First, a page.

This June 9th, Annie’s Book Stop of Worcester is happy to host an event with Keith R. A. DeCandido – an author and editor many of the staff have been fans of for a long time. Whether you are among the numbers of Keith’s friends and fans, or haven’t heard of him before, below, he takes a few moments with Annie’s staff to talk a little more about his work. Thank you, Keith!
For those who have not yet been acquainted with how awesome you are, how would you describe yourself and your writing career?
I’m a writer of science fiction, fantasy, thriller, and mystery fiction in both prose and comics form, with a lot of media tie-ins to my credit–stories based on various media universes including TV shows, movies, games, and comics — as well as original work, including some fantastical police procedurals, and some shared-world stuff as well. I’m also an editor, working for clients both personal and corporate.
Your novel, GOBLIN PRECINCT, is out now, and is part of a series you have going that are high fantasy police procedurals. What gave you the idea for this format, and what were some of the challenges in adapting the formula to the setting? What has been your favorite thing in playing with this series? What can readers expect from GOBLIN PRECINCT?
Basically, it’s a melding of fantasy and mystery — the setting is a fairly standard high fantasy one, with humans, elves, dwarves, and gnomes, but the main characters are detectives. The Cliff’s End Castle Guard are tasked with maintaining law and order, and they have to solve crimes that are committed in the city-state. But the crimes are sometimes based in fantastical tropes. DRAGON PRECINCT had the victims all be members of a heroic quest who are being picked off one by one; UNICORN PRECINCT has a murder victim being an upper-class girl having an affair with someone who has magically hid their face; and GOBLIN PRECINCT involves a magically-created designer drug.
It’s fun to play with the tropes of fantasy and put them in a procedural setting. There’s the M.E. who arrives at crime scenes — the magical examiner, a wizard who’s assigned by the Brotherhood of Wizards to assist the Castle Guard. The Brotherhood also tends to barge in and take over any investigation involving magic, which annoys our heroes no end.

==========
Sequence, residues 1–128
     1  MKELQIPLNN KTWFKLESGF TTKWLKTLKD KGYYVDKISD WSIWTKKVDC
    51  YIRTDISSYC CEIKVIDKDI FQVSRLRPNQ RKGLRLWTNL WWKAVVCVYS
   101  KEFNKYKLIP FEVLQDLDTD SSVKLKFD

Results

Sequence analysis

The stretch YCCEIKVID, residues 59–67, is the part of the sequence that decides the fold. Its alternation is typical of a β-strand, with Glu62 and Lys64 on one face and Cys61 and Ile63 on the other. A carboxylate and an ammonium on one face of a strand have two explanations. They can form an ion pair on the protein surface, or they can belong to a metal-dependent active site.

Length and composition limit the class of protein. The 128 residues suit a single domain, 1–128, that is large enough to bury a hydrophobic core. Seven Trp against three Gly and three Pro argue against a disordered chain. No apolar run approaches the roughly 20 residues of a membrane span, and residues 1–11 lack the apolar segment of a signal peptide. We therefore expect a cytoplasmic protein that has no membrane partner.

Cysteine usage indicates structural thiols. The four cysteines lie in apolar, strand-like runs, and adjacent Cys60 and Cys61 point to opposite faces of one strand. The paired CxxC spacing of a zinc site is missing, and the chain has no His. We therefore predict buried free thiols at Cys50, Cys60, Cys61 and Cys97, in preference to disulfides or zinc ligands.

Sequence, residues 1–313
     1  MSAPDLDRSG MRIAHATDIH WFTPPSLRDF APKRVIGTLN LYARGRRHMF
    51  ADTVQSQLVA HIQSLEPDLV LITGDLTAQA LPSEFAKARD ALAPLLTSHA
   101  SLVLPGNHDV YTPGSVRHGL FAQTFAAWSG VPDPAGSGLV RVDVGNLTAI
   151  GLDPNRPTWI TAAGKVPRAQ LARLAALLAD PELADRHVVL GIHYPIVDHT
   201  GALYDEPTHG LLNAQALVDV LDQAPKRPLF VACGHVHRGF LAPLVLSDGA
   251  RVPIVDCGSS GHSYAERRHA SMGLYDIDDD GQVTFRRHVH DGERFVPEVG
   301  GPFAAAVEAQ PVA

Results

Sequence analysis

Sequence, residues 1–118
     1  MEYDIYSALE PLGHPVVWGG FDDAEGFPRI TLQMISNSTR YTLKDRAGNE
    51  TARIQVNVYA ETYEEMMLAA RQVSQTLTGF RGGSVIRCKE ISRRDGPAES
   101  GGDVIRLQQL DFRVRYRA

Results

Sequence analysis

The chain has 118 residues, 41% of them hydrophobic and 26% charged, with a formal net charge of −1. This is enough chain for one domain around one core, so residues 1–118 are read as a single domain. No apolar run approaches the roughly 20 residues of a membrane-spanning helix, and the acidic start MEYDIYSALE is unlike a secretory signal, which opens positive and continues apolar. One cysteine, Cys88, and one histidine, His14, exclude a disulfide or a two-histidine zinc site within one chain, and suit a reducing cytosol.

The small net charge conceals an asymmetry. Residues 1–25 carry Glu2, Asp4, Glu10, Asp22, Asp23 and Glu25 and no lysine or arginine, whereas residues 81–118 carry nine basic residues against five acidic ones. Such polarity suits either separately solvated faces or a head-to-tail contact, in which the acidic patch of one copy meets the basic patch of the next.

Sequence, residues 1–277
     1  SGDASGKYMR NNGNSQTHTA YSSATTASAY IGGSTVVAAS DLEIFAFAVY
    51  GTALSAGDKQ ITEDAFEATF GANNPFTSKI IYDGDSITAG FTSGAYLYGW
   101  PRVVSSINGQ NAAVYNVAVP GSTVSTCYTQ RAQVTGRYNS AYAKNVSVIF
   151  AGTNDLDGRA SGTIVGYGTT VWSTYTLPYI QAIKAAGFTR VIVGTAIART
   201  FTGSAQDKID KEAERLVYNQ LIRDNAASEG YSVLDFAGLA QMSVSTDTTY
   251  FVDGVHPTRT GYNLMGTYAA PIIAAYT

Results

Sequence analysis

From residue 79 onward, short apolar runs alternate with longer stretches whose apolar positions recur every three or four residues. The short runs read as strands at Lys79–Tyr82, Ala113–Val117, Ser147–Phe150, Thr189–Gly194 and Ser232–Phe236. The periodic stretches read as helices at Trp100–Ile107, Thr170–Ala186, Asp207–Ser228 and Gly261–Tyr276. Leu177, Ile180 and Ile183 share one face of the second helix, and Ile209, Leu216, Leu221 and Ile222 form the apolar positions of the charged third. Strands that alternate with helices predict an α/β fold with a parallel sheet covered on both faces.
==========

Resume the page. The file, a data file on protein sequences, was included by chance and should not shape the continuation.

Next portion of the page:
I have a great deal of fun with these books, and I think fans of both fantasy and procedurals will like them.
I’m also generally a huge fan of police procedurals, and of taking them and putting them in odd settings. I have another series out that I just started recently called SCPD: THE SUPER CITY POLICE DEPARTMENT. The first novel, THE CASE OF THE CLAW, is out now, and it features cops in a city filled with superheroes. But it’s not about the heroes; it’s about the cops and the crap they have to deal with.
Your novella, “The Ballad of Big Charlie,” is featured in the V-WARS anthology in a shared vampire world, edited by Jonathan Maberry. For those not familiar with the world, what are the basics? How accessible is it to new fans? What was your favorite part of being in this anthology?
V-WARS is the debut of this shared world, so everyone who reads it is a new fan, and this anthology introduces the concept. The melting of the polar ice caps has unleashed a virus that activates junk DNA in some people, which turns them into vampires. But these aren’t the vampires of popular culture – these are the vampires of folklore. Each person who suffers from the virus becomes a vampire from the folklore of their ethnic heritage. A Chinese person becomes a hopping ghost, a Greek person becomes a vyrkolatios, a Haitian becomes a loup garou, and so on.
My own approach was to look at what happens when a local politician contracts the disease, and still runs for reelection — and then later runs for national office, which is much different.
What are some interesting things about your writing life that may surprise people, old and new fans?
I don’t drink nearly as much as people probably think I do. Or should.
What is your favorite event story that you could share?
Well, there was the 1999 signing where =EVERYONE= had a nontraditional spelling of their name. There was the convention in 1997 when the hotel got flooded. There was the Dragon*Con in 2008 when I was discussing the Presidential election with George Takei, Walter Koenig, and Peter David. There was meeting Robert Meyer Burnett at San Diego in 2005, when I was geebling at him about FREE ENTERPRISE while he simultaneously geebled at me about ARTICLES OF THE FEDERATION. Hard to choose just one……
Best bet is to go to http://www.DeCandido.net, which is a gateway to my various online thingies — my blog, my Facebook page, my Twitter feed — to buy my books, to listen to my various podcasts (THE CHRONIC RIFT and DEAD KITCHEN RADIO) and audio dramas (THE DOME and the Parsec Award-winning HG WORLD), and tons more.
Again, thank you very much, Keith. We’re wicked excited to have you at Annie’s Book Stop of Worcester! :)